The Department of Energy’s Office of Nuclear Energy (DOE-NE) last week released its Strategic Vision report, outlining its plan to support the current U.S. reactor fleet, demonstrate the latest innovations in nuclear energy technologies, and explore new market opportunities for nuclear energy.
The 36-page document identifies five goals to address challenges in the nuclear energy sector, help realize the potential of advanced technology, and leverage the unique role of the federal government in sparking innovation. Each goal also includes supporting objectives to ensure progress.
1. Enable continued operation of U.S. nuclear reactors. Supporting objectives include developing technologies that reduce operating costs, expanding to markets beyond electricity, and providing the scientific basis for continuing the operation of existing reactors.
2. Enable deployment of advanced nuclear reactors. Supporting objectives include reducing the risk and time needed to deploy advanced nuclear technology, developing reactors that expand market opportunities for nuclear energy, and supporting a diversity of designs that improve resource utilization.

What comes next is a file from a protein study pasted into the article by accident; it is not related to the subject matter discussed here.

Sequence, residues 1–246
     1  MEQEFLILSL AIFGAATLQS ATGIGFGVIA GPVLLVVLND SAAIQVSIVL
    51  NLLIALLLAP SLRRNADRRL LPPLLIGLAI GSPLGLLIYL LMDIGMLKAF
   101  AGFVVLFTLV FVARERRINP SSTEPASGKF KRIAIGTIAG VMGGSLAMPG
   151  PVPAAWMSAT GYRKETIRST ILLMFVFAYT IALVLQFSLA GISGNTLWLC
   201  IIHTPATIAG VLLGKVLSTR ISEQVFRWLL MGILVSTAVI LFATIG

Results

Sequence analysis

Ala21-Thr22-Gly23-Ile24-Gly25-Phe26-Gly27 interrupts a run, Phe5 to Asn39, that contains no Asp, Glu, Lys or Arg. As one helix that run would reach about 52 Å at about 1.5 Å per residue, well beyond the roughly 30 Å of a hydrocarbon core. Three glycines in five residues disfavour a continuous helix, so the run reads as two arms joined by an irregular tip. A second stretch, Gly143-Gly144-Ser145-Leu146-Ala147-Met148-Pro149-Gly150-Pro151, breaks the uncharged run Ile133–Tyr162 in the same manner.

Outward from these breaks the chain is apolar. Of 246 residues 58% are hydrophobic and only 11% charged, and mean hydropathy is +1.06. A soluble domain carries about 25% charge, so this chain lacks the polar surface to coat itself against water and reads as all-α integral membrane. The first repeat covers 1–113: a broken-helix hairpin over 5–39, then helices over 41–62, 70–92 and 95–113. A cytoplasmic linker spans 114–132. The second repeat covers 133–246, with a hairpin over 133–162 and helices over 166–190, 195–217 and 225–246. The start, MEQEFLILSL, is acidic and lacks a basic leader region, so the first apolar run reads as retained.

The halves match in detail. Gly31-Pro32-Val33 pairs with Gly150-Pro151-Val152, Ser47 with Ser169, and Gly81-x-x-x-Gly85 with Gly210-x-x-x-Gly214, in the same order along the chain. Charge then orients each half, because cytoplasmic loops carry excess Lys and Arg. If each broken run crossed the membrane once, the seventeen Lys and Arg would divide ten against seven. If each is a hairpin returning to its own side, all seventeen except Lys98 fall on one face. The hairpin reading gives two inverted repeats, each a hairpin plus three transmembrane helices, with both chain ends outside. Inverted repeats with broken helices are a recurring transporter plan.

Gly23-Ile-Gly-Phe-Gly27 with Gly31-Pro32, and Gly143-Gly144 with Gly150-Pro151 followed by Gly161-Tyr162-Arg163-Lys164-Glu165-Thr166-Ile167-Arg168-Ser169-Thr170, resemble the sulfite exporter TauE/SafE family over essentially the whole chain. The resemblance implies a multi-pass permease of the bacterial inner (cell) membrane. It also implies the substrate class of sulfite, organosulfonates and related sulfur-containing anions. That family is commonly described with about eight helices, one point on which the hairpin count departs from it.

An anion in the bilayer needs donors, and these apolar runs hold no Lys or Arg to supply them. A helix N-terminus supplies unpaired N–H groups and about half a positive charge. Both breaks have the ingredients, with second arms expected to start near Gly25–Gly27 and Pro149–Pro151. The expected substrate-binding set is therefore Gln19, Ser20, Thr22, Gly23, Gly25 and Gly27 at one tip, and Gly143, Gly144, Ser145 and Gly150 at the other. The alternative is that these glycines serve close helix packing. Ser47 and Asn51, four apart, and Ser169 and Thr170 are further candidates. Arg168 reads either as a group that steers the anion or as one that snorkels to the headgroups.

3. Develop advanced nuclear fuel cycles. Supporting objectives include addressing gaps in the domestic nuclear fuel supply chain and fuel cycle for advanced reactors and evaluating options for establishing an integrated waste management system.
4. Maintain U.S. leadership in nuclear energy technology. Supporting objectives include facilitating global opportunities for the U.S. nuclear sector, maintaining world-class research and development capabilities, and developing highly trained scientists to support the future nuclear workforce.
5. Enable a high-performing organization. Supporting objectives include supporting and investing in DOE-NE’s workforce; effectively managing programs, projects, R&D investments, and contracts; and communicating regularly with stakeholders.
Measuring success: In addition to the supporting objectives, each goal also lists performance indicators to gauge progress. For example, to keep U.S. reactors in operation, DOE-NE calls for demonstrating a scalable hydrogen generation pilot plant by 2022 and achieving widespread implementation of accident tolerant fuel by 2030.